Isaac Davison is a NZ Herald political reporter.

PM John Key launches TPP charm offensive ahead of trade deal law changes

The Trans-Pacific Partnership trade deal has been challenged by protesters as well as opposition MPs. Photo / Dean Purcell
The Trans-Pacific Partnership trade deal has been challenged by protesters as well as opposition MPs. Photo / Dean Purcell

New Zealand will make another step towards progressing the Trans-Pacific Partnership (TPP) when legislation is introduced in Parliament next week.

The law changes are required to bring New Zealand's domestic rules into line with the 12-nation trade agreement.

Legislation will be tabled in Parliament on Monday, and is expected to get its first reading on May 12.

A select committee completed nationwide hearings on the TPP yesterday, and will produce a report to Parliament tomorrow.

A separate round of public consultation will take place on the TPP law changes, though it will focus more narrowly on the specific changes to rules around copyright, tariffs and other areas.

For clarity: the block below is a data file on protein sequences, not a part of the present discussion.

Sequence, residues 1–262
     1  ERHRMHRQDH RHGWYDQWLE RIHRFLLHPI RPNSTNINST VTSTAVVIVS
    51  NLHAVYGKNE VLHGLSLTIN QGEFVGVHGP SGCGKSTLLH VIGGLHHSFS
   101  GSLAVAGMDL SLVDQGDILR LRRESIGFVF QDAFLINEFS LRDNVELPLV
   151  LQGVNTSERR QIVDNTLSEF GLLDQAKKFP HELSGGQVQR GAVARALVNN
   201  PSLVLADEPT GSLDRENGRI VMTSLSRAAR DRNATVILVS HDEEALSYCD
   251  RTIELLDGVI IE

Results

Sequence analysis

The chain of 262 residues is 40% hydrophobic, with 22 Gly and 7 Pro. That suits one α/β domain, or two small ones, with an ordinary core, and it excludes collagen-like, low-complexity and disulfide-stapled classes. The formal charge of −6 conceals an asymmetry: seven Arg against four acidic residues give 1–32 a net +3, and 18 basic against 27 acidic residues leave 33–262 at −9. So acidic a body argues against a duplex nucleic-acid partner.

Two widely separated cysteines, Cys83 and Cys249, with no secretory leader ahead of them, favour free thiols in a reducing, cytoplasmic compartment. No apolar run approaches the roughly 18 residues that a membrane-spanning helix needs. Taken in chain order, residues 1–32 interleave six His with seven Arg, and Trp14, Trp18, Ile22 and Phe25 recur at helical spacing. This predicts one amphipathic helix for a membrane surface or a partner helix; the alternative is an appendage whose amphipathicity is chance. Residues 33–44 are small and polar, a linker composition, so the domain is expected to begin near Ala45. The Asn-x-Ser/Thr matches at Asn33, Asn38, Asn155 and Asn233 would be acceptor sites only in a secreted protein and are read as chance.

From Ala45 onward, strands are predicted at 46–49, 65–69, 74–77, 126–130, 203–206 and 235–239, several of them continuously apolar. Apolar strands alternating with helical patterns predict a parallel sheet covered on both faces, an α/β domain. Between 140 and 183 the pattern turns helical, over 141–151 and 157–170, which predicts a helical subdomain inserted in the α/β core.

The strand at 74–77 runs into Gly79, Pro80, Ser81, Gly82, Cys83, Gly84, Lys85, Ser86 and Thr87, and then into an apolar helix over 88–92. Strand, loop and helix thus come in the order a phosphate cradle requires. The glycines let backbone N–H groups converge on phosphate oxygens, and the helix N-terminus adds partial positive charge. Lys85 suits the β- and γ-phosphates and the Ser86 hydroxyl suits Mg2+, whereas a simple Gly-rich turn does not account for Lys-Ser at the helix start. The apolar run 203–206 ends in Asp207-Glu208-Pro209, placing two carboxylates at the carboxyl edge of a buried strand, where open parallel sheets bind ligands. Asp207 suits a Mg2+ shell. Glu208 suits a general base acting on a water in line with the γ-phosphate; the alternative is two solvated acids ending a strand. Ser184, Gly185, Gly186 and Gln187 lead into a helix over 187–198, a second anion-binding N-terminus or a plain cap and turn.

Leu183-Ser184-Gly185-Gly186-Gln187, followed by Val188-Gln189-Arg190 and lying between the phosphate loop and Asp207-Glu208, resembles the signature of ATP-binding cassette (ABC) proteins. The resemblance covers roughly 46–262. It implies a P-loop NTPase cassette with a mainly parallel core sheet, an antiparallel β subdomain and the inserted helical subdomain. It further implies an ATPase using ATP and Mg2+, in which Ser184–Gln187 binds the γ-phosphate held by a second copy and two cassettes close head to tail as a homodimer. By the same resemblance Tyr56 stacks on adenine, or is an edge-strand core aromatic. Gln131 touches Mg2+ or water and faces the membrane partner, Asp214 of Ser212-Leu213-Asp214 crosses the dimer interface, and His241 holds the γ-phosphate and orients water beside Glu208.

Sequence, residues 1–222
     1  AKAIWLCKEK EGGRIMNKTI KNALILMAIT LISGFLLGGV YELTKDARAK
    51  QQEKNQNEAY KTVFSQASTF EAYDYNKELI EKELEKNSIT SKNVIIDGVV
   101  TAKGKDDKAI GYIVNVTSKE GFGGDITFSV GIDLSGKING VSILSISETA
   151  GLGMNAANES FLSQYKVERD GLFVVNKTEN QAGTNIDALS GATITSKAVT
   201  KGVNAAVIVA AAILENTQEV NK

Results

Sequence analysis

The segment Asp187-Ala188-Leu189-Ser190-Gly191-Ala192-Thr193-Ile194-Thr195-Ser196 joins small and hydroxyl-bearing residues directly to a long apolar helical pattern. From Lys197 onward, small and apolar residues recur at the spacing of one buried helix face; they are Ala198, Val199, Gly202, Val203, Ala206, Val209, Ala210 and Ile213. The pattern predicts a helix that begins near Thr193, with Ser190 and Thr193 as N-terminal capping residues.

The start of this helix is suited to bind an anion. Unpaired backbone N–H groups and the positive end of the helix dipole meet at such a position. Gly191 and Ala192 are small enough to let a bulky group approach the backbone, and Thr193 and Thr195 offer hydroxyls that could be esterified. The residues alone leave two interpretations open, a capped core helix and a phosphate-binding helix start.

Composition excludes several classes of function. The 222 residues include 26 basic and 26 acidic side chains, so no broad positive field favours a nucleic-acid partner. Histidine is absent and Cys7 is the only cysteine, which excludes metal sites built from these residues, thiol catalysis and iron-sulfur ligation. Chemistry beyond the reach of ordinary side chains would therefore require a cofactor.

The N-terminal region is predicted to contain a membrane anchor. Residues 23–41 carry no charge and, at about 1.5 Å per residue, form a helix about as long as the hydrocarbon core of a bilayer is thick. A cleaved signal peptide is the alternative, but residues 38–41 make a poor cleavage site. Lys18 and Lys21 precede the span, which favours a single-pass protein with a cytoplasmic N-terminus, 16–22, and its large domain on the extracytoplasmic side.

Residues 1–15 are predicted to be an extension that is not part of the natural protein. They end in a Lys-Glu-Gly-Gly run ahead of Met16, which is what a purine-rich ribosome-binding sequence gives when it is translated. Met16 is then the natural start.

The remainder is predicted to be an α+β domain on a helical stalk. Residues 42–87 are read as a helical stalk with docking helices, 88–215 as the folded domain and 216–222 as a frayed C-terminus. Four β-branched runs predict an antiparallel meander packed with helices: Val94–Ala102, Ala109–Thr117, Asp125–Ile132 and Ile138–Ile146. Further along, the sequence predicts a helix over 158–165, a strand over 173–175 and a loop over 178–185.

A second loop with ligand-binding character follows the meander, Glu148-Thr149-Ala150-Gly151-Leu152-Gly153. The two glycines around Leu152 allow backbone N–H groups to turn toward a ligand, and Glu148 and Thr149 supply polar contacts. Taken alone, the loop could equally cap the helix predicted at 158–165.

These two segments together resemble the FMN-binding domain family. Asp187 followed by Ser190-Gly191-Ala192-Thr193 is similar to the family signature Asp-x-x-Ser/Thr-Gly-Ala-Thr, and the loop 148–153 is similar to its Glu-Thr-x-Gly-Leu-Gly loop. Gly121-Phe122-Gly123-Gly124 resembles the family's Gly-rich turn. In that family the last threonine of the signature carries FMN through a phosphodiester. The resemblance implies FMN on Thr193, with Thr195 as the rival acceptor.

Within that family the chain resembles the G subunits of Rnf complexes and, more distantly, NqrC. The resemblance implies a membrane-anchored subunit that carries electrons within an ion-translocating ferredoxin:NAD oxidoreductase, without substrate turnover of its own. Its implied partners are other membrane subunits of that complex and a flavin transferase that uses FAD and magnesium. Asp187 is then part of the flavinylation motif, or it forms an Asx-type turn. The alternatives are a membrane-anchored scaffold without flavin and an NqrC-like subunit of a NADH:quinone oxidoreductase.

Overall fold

In a speech today to the NZ Institute of International Affairs at Parliament, Prime Minister John Key launched a charm offensive on the TPP.

It was New Zealand's most significant trade deal, he said, opening up access to 800 million consumers around the world.

Mr Key also belittled opponents of the agreement, who he said flared up and fell away again quickly "because nothing much of substance is ever raised".

"Most of what is in TPP is also in our existing China and Korea FTAs, neither of which has killed off democracy, wrecked the environment, led to wholesale obesity, or whatever the current anti-TPP message is," Mr Key said.

The TPP was opposed by Labour, Greens, New Zealand First and the Maori Party, who raised concerns about its impact on New Zealand's ability to legislate in the public interest, block foreign speculation in the housing market, and protect drug-buying agency Pharmac.

The agreement will come into force once the two member countries with the biggest economies, the US and Japan, have ratified the agreement.

NZH

- NZ Herald

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